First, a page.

Menopause can bring many things. One of them can be breast cancer. For instance, the American Cancer Society reports that women who experienced more menstrual cycles because they started menstruating early (before age 12) and/or went through menopause later (after age 55) face a slightly elevated risk of breast cancer, possibly due to a longer lifetime exposure to the hormones estrogen and progesterone. In addition, aging is another risk factor for breast cancer. In fact, two out of three invasive breast cancers are found in women who are 55 and older.
And the numbers of people who are stricken with breast cancer are daunting. The World Health Organization reports that there are approximately 1.3 million new cases of breast cancer annually. Furthermore, 450,000 die from this disease each year. Additionally, some places in the world are seeing increases in the number of cases diagnosed. For instance, the BBC reported in 2011 that breast cancer rates for British women who are in their 40s and 50s had increased by 50 percent between 1979 and 2009.
But equally important is new research that underscores that breast cancer does not fall into one succinct category. In a newly released study, researchers used six different technologies to identify defects in DNA, RNA and proteins in 348 tumors from women who had breast cancer. The scientists ended up identifying four standard molecular subtypes of breast cancer.
This finding marks a change from the three groups of breast cancer that doctors previously have used. According to a story in the Houston Chronicle, this previous group consisted of:
- Hormone receptor-positive disease, which were treated with hormone-targeted therapy.
- HER2-positive. The National Institutes of Health reported that breast cancer tumors that have the HER2 receptor fall into this category.
- Triple-negative disease, which lacks the receptors for estrogen and progesterone and the HER2 genes.
The National Institutes of Health reports that the new subtypes are:
- Basal-like. The TCGA Research Network identified significant genomic similarities between this subtype of breast cancer, which is one of the most deadly subtypes of cancer, and serious ovarian cancer. The researchers’ analysis suggest that both of these types of cancer could be successfully treated by agents that inhibit blood vessel growth, thus cutting off the supply of blood that feeds the tumor, and compounds that target DNA repair. The Houston Chronicle reported that this study suggests that women who have this subtype could benefit from doses of the less toxic drugs used to treat ovarian cancer rather than with anthracyclins, which are presently used but provide harsh side effects.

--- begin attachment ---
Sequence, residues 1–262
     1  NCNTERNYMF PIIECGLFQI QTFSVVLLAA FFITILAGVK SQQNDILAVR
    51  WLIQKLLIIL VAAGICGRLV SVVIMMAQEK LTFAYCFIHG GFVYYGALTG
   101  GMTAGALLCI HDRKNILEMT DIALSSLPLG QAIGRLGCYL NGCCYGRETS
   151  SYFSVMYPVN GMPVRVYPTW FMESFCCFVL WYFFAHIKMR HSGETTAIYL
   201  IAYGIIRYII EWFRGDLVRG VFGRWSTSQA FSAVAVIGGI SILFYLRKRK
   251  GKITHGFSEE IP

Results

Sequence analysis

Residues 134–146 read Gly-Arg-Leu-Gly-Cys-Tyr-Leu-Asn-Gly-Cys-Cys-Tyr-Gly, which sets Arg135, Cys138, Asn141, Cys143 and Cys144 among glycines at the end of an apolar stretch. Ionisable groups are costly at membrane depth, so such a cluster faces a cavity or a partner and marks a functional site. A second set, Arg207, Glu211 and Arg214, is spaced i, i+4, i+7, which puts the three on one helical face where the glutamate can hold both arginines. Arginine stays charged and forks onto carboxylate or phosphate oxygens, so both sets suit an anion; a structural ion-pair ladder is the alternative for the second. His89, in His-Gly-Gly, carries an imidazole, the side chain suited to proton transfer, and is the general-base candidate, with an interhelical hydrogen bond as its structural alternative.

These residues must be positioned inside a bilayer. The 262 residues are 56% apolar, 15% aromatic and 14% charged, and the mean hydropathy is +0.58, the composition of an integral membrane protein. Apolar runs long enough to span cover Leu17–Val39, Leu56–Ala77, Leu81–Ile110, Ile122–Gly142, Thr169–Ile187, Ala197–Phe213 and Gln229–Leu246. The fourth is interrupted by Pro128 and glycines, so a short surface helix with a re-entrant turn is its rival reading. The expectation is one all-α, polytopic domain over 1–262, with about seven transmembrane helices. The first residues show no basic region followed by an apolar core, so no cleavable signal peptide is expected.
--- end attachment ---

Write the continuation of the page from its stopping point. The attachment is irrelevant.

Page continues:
- HER2-enriched (HER2E.) Using the genomic findings of HER2-positive tumors, researchers determined that half of the samples could be characterized as the HER2E subtype. The other half make up the Luminal subtypes, which are described below.
- Luminal A (LumA), which forms in the luminal cells that line milk ducts. The Luminal A subtype had a good prognosis, suggesting that women with these types of tumors might benefit from hormonal therapy to block estrogen from feeding the cancer.
- Luminal B (LumB), which also forms in the luminal cells. This subtype did not have a good prognoses so researchers believe that women with this subtype may benefit from chemotherapy and hormonal therapy.
The Luminal subtypes had the lowest overall mutation rate, but also had the largest number of genes that were significantly mutated. The researchers believe that each of the genes that have significantly mutated in these two subtypes is speeding the cancer progression.
So what are these subcategories important? Researchers believe that they can now identify which treatments work best for patients based on the tumor’s genetic profile, thus creating a personalized approach to fighting breast cancer. And that potentially may be very good news for the successful treatment of women who are diagnosed with this disease!
Primary Sources for This Sharepost:
American Cancer Society. (2012). Breast cancer.
Colliver, V. (2012). Breast cancer gets redefined. Houston Chronicle.
National Institutes of Health. (2012). Study reveals genomic similarities between breast cancer and ovarian cancer.
Preidt, R. (2012). Gene study yields new clues to breast cancer. MedlinePlus.
Published On: September 24, 2012